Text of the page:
168 Horsepower 2017 Polaris RZR Turbo

December 21, 2016



At first glance the 2017 Turbo looks pretty much the same, but the front fascia and grill opening have been changed to enhance cooling.

For about two months Can- Am could boast about being the horsepower king of the sport UTV class. No doubt, word got around in the industry that the X3 was coming, and Polaris planned ahead. For 2017 Polaris announced the RZR XP Turbo EPS and RZR XP 4 Turbo EPS featuring a new ProStar Turbo H.O. engine that rips out 168 horsepower! Obviously, that is a big-enough number to put Polaris back in front of the power arms race.

However, any new model needs more than just a massive power number to be irresistible to the market. Buyers must believe that Polaris built a machine that can handle that sort of power, and that confidence may have taken a hit thanks to recalls on the 2016 RZR Turbo. For prime driving months, owners were advised to park their machines. Polaris stepped up and came up with a fix, as well as extended the warranty for 2016 Turbo models for an extra 12 months. Buyers who step up to a new RZR XP Turbo before December 31, 2016, will get a two-year warranty. All owners with recalled RZRs also qualify for a $1000 loyalty discount on the purchase of any Polaris side-by-side between September 2016 and the end of 2017.


Polaris has kept the Turbo dash uncluttered, but the dash display conveys a lot of important information in a format that works.


If you think that the RZR XP Turbo 4 is just a people mover, think again. Many racers start with the fourseat chassis for its handling.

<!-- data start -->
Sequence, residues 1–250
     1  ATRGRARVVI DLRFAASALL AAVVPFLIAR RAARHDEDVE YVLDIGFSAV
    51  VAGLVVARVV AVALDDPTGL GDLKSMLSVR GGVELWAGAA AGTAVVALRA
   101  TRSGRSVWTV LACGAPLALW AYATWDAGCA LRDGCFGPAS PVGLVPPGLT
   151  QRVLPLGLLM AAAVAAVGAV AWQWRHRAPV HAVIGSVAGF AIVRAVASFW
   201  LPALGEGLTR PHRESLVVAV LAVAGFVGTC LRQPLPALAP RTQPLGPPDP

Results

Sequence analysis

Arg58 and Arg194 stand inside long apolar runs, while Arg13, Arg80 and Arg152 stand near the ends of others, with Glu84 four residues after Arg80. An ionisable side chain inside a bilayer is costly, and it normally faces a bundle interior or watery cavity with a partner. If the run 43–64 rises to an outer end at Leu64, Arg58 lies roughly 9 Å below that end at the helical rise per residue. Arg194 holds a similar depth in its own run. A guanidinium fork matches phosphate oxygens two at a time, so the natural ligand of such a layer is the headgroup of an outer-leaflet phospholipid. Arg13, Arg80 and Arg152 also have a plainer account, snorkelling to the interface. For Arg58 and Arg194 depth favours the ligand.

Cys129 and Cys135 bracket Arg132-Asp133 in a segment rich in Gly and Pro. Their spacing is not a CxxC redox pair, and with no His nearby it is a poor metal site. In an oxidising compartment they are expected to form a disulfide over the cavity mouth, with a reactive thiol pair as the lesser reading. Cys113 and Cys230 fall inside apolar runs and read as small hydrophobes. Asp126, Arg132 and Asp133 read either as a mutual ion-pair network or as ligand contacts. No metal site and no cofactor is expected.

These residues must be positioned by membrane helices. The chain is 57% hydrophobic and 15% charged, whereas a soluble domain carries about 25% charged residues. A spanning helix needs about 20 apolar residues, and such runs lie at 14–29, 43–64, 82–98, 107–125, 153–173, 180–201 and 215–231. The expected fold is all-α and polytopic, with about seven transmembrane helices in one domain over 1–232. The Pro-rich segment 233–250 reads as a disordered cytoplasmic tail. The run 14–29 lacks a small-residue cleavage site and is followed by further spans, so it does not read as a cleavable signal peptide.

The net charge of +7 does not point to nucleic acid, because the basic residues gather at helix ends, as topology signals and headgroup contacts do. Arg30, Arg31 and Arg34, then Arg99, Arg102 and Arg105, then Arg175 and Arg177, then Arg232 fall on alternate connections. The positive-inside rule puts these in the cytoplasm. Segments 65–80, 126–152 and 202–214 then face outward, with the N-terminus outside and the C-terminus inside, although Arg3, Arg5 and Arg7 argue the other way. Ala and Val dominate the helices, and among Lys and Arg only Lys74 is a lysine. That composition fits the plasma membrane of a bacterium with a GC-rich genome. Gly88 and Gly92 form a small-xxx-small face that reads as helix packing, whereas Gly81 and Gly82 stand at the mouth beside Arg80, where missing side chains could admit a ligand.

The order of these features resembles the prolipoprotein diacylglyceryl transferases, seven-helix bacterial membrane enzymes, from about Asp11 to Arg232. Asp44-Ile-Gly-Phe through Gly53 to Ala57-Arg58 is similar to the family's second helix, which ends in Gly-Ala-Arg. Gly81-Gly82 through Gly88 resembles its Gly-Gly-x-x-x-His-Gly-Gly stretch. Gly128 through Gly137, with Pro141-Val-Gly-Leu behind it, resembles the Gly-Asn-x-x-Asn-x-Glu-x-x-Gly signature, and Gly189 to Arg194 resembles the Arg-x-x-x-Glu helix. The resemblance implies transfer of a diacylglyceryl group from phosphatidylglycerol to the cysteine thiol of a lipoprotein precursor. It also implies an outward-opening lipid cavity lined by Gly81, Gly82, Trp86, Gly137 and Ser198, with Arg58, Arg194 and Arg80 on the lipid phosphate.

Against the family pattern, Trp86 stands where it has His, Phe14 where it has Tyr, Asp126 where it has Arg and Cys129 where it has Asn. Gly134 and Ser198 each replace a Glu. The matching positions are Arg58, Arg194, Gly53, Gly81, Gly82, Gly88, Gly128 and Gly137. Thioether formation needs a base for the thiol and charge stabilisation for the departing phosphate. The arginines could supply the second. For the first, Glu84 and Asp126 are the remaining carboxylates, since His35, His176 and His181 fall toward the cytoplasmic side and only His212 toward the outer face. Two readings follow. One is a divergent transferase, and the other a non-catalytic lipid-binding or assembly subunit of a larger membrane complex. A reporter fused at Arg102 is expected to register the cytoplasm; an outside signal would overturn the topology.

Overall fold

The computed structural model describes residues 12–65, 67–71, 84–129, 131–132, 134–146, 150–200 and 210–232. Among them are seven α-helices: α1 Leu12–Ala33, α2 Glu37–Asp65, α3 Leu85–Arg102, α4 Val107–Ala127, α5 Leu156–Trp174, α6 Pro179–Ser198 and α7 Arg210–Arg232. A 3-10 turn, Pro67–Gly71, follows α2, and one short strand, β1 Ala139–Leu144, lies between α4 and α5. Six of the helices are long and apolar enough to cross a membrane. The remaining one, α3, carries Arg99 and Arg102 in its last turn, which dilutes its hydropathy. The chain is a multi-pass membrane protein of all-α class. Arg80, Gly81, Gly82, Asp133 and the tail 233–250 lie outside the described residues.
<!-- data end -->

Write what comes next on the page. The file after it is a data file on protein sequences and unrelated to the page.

Some of the 2017 upgrades also point to Polaris being serious about building and selling quality machines that last. The new engine is built with forged pistons on high-strength connecting rods and sodiumfilled exhaust valves (common in turbo applications or engines with high-combustion temps). The more sophisticated engine management includes improved knock detection and boost control, as well as highflow fuel injectors and new camshafts. Horsepower means heat, so Polaris significantly upgraded the cooling on 2017 Turbo models and added a stronger driveline to match. The updates to the cooling includes a new, more powerful, variablespeed, brushless fan behind a new, 40-percent-larger, high-flow front grill and a 20-percent-larger engine radiator. Driveline upgrades begin with a high-performance Polaris Variable Transmission (PVT) with a new, thicker, stronger drive belt and extends to stronger rear half shafts and a stronger front all-wheel-drive unit.

As we mentioned earlier, it takes more than a big horsepower number to be a success, and suspension to harness that power is one key to success. The RZR XP Turbo EPS and RZR XP 4 Turbo EPS feature Fox Podium internal bypass shocks that Polaris claims provide a plush ride and precise handling. With 3-inch rear and 2.5-inch front shock bodies, and adjustable remote reservoirs with increased fluid capacity, these shocks are claimed to dissipate heat better to combat fade.


The Polaris RZR XP Turbo 4 should benefit from the cooling, suspension, drivetrain and brake upgrades more than the two-seater does.


All of the colored portions of this drawing show parts of the 2017 Turbo that are either new or have major upgrades.

The Polaris RZR platform has formed the backbone of the high-performance UTV recreation and racing industries. Much of that popularity is due to the handling and suspension prowess the RZR exhibits. In addition to the premium suspension components, Polaris added a front stabilizer bar and re-tuned the rear stabilizer bar to allow the car to corner flatter. Steering is quicker as well with a standard, electric power-steering, 1.5- turn steering rack.


While a big horsepower jump is capturing all the headlines for the 2017 Polaris RZR XP Turbo, upgrades to other systems are probably more important.


With objects in motion and all that physics stuff, a fast car needs bodacious brakes, and Polaris responded to that need with large triple-piston front calipers, twin-piston rear calipers and 248mm ventilated stainless steel disc-brake rotors at all four wheels. Both RZR XP Turbo models will be available in late 2016 in either Titanium Matte Metallic or Cruiser Black. The two-seater is $24,999 and the four-seater is $27,499. Contact www.polaris.com.

"2017 Polaris RZR Turbo." Dirt Wheels Jan. 2017: 32-38. Dirt Wheels. Jan. 2017. Web. 21 Dec. 2016. <www.dirtwheelsmag.com>.

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